Forward-looking: Scientists in China have developed a brain-computer interface (BCI) that is far less invasive than competing devices. The SpiralE BCI is designed to be inserted into the ear canal. It is made of a flexible material and thanks to its unique spiral design, does not interfere with the wearer’s hearing. The device is far less invasive than surgically implanted alternatives and is more practical than non-invasive solutions like headbands or caps.

These advantages make it far more suitable for daily use and, according to the team out of Tsinghua University in Beijing, demonstrate that natural and discreet wearables can be integrated into real-life applications.

Speaking of, potential applications are aplenty. As The Independent highlights, BCIs could be used to translate thoughts into text, control digital objects with your mind, or even augment human memory. Depending on your view, that could either be incredibly appealing or outright terrifying.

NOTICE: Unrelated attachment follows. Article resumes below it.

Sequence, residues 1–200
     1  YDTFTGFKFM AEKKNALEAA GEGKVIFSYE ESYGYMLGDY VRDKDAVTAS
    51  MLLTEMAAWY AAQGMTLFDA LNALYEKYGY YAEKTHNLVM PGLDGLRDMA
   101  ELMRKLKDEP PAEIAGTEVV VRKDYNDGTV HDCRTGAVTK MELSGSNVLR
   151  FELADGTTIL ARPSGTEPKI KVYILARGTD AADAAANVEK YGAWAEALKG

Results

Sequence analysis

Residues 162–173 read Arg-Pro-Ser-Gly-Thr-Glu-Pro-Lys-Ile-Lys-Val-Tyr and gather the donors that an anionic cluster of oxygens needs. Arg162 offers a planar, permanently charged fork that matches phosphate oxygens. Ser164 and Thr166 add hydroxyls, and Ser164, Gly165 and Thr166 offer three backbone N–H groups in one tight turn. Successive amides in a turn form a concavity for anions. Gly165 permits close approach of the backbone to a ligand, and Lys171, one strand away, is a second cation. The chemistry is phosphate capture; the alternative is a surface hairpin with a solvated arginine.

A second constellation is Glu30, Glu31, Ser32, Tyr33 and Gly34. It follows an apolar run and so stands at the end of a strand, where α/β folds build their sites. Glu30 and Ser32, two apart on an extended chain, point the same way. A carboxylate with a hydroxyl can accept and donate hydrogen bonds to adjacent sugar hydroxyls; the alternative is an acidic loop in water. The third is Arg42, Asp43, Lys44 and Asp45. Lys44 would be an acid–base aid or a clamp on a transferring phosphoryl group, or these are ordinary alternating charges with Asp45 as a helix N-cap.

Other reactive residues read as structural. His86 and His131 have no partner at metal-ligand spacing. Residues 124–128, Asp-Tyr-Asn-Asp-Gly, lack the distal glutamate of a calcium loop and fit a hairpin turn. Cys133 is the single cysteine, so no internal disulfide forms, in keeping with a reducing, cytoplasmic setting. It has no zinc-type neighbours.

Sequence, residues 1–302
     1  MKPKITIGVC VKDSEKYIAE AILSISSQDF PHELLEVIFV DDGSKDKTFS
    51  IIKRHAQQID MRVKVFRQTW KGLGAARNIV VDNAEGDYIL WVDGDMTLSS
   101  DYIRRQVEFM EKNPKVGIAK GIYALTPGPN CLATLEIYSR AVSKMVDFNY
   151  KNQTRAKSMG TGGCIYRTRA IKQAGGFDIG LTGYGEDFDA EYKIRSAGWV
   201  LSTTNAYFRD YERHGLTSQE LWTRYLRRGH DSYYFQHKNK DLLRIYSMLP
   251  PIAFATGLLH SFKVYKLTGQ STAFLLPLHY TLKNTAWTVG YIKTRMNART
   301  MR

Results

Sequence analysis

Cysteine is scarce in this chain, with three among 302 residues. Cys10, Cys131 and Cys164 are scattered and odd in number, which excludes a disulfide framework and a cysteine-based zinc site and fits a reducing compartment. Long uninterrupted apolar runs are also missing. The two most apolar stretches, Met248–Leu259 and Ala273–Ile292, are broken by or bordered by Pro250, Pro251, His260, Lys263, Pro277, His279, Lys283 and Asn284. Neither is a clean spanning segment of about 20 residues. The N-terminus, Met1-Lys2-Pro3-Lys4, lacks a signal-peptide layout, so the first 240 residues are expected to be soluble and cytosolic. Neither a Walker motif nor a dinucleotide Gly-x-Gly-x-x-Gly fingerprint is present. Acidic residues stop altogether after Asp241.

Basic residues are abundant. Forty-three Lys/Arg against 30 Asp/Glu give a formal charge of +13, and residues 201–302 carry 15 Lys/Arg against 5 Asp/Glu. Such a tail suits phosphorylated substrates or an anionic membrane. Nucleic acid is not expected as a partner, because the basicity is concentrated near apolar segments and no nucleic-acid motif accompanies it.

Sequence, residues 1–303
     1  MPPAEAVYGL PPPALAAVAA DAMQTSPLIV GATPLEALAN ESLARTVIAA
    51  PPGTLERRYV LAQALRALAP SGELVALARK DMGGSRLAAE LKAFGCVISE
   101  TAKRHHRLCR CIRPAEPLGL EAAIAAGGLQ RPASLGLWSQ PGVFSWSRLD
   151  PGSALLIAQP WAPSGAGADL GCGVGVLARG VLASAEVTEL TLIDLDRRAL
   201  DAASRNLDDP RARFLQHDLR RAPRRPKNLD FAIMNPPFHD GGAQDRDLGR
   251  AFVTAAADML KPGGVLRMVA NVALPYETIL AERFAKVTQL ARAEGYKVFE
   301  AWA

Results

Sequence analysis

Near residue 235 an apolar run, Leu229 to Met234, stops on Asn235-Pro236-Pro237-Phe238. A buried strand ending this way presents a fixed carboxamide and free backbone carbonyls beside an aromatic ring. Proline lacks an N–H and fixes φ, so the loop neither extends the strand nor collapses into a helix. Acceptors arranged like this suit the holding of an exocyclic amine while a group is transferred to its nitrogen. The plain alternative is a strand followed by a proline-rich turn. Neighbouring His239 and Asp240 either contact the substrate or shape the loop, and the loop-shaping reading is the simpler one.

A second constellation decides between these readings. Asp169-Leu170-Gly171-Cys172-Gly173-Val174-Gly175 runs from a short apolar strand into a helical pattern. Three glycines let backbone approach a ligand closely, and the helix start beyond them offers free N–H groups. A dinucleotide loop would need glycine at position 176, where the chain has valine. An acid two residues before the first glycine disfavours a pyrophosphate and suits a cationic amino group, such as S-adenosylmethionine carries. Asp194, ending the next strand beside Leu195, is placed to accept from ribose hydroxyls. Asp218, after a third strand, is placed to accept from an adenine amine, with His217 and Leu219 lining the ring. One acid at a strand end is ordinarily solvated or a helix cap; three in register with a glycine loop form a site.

The Last of Us Part 1 arrived on PlayStation 5 last September before finding its way to PC this past March. Unfortunately for developer Naughty Dog, the PC port was a mess out of the gate. Within the first day, the game had more than 7,100 reviews on Steam and only a third of them were positive.

The publication also points to a 2019 report from the Royal Society noting how such technologies could transform medicine and fundamentally change how we interact with technology and each other. Conversely, the report also warns of ethical concerns regarding issues like autonomy, privacy, and equality of access.

The report concluded that BCIs could very well challenge the essence of what it means to be human.

Back in May, the FDA granted Elon Musk’s Neuralink Corporation permission to start testing brain implants in humans. In 2021, a New York-based firm known as Synchron received FDA approval for human trials. The company conducted its first implant that summer. Months later in December, a 62 year old paralyzed Australian man with ALS (amyotrophic lateral sclerosis) used an implant to send a tweet just by thinking about it.

The team’s work has been published in the scientific journal Nature Communications in a paper titled “Conformal in-ear bioelectronics for visual and auditory brain-computer interfaces.” No word yet on how close the device might be to commercial availability, what capabilities it could afford compared to a surgical implant, or a potential price point.